With an installation of ten thousand flowers, the springy vibe is flourishing at NOW Gallery, and as a massive flower child, I had to pay a visit.
‘The Iris’ consist of 10,000 fresh irises suspended on copper wire and hung from the ceiling, so that they appear to be floating within the gallery space. The entire space is also coloured by the change of light in the room, depending on the time and day of your visit. On the (rare) sunny day, when I visited, the gallery provided the perfect canvas.
Known for her work with organic material, Rebecca Louise Law walked along the banks of the Greenwich Peninsula as a part of her research. Law discovered that the land that the NOW Gallery sits on was once a wetland of tidal marshes, previously known as Bugsby’s and Greenwich Marsh. Looking into the history and researching marshland plants, she came up with this installation, which embraces the present and the past.
A colour pallet of complementary contrasts is to found in the vibrant purple irises against the yellow ones, drawing allusions to impressionistic and post-impressionistic work, most famously exemplified in the paintings of Vincent Van Gogh.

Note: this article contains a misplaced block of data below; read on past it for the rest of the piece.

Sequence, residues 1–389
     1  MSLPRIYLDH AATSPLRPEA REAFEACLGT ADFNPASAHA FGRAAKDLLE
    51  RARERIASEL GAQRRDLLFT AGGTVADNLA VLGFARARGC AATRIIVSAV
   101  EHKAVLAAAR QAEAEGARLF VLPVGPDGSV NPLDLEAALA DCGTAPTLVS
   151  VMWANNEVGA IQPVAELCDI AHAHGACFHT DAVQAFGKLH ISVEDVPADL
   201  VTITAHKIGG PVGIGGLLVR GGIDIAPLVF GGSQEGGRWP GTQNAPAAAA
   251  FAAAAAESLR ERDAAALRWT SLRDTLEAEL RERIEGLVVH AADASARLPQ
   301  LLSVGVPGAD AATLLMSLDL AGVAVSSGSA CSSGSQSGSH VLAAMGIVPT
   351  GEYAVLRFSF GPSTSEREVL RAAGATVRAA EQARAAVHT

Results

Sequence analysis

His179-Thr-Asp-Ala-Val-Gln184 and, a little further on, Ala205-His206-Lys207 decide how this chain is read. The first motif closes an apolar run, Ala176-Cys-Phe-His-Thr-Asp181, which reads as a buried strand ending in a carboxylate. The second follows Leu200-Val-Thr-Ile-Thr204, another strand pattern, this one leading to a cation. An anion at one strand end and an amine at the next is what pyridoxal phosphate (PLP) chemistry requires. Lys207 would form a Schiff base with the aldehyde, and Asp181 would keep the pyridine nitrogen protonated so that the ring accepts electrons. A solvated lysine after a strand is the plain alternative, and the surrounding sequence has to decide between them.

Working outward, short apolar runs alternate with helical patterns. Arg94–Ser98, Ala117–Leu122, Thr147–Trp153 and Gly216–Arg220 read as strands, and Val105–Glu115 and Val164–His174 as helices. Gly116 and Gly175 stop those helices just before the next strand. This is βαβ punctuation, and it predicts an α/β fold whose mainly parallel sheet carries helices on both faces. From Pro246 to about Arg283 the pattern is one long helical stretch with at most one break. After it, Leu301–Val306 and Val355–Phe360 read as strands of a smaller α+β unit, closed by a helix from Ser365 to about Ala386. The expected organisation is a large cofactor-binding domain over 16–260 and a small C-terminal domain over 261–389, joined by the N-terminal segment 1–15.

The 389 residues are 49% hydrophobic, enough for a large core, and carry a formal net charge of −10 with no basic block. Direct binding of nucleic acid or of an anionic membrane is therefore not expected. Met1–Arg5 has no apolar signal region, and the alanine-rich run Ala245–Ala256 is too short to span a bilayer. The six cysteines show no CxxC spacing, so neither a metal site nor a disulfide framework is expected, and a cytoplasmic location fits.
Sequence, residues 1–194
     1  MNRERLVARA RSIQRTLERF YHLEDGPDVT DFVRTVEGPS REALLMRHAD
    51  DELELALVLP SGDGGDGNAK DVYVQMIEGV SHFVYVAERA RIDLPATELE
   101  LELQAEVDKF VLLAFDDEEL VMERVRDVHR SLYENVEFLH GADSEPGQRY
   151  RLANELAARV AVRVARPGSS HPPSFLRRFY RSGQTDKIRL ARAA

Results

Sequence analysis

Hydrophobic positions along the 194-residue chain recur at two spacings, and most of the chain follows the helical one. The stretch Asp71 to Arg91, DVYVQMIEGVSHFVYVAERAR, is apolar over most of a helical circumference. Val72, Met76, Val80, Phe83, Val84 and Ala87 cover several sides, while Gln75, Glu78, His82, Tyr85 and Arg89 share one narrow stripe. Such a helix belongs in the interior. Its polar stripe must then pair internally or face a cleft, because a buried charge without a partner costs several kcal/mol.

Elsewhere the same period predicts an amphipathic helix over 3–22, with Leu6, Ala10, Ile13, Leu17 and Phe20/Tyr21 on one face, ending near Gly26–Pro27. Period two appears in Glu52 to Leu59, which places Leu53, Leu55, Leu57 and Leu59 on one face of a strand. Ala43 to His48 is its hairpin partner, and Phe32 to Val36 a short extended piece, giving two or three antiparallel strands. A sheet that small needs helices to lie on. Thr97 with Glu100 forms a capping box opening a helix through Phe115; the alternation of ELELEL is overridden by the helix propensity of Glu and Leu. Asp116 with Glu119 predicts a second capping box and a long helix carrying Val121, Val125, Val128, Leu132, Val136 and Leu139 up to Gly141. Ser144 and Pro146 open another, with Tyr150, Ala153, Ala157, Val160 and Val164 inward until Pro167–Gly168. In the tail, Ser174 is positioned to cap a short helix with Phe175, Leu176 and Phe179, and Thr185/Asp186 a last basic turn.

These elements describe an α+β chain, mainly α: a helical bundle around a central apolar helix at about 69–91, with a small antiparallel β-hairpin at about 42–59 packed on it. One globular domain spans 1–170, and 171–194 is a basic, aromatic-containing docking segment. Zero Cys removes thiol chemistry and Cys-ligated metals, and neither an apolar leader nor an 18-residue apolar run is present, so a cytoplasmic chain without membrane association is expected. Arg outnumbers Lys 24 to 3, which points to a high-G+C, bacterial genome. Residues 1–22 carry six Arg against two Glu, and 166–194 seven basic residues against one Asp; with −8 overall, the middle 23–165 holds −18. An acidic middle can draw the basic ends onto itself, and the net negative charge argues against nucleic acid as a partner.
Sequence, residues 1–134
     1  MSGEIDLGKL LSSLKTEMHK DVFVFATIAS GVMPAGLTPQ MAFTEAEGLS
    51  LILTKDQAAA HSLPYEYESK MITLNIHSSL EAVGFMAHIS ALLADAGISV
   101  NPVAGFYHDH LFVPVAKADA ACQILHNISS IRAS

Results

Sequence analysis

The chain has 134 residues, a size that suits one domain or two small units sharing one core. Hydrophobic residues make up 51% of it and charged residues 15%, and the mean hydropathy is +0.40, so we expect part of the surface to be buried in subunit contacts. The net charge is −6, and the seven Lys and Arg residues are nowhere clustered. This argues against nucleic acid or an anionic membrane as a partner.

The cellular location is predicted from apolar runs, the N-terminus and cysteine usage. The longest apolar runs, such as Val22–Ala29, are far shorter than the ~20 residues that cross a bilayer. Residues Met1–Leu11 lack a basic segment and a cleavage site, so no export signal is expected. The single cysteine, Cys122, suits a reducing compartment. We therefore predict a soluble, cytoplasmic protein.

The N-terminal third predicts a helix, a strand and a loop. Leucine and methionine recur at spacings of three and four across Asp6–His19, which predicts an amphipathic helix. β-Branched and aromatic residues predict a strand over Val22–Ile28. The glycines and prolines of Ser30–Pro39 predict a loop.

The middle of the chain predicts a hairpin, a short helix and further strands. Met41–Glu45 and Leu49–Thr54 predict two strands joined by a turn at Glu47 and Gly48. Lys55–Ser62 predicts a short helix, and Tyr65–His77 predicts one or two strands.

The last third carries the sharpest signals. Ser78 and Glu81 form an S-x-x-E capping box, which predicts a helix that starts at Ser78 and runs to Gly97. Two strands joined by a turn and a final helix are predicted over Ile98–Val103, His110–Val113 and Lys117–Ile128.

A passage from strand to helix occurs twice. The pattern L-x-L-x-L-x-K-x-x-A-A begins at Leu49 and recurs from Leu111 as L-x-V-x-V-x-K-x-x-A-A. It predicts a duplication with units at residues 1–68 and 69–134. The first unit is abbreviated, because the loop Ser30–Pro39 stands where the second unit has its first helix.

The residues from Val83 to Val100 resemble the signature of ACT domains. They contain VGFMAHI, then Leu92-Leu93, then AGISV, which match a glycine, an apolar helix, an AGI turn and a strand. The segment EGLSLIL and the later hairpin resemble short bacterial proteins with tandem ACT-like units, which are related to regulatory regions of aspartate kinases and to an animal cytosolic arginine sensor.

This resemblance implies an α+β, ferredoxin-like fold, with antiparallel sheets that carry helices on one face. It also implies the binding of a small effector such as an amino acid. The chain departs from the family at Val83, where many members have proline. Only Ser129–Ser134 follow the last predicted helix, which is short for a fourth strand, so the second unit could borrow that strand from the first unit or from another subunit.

His most vital canvases work blue and indigo into the pallet against bright yellow and orange tones, making the colours stand out more dynamic against each other. “There are colours that make each other shine, that make a couple, complete each other like man and wife,” Vincent wrote to his sister Willemien in 1888, and over a hundred years later, those same colours are still put up against each other to shine and complete each other in modern art.
The installation plays on contrasts on many levels, not only though the pallet of colours but also through the surroundings. The experience of nature is rare within the concrete metropolis, and the fragility of the flowers evokes a sense of sacred beauty that we seldom experience these days.
Walking into the gallery space and seeing the flowers descending down towards you, documenting the brutal and inevitable passage of time, is itself a powerful statement. The fact that the flowers will hang there for almost two months gives the exhibit more than one dimension. The work will constantly evolve as nature takes its course, offering an alternative concept of beauty which embraces both preservation and decay.
‘I like to capture and cherish small beautiful natural objects to create an artwork that can be observed without the pressure of time. Preserving, treasuring, celebrating and sharing the beauty of the Earth with the world is what drives me.” – Rebecca Louise Law.
Through the cascades of irises, Law has definitely achieved her artistic vision. The spirit of cherishing nature, is something we all need more of in the fast pace of the urban life.
The Iris’ by Rebecca Louise Law will be up at Now Gallery, Greenwich Peninsula from 3 March until 7 May 7.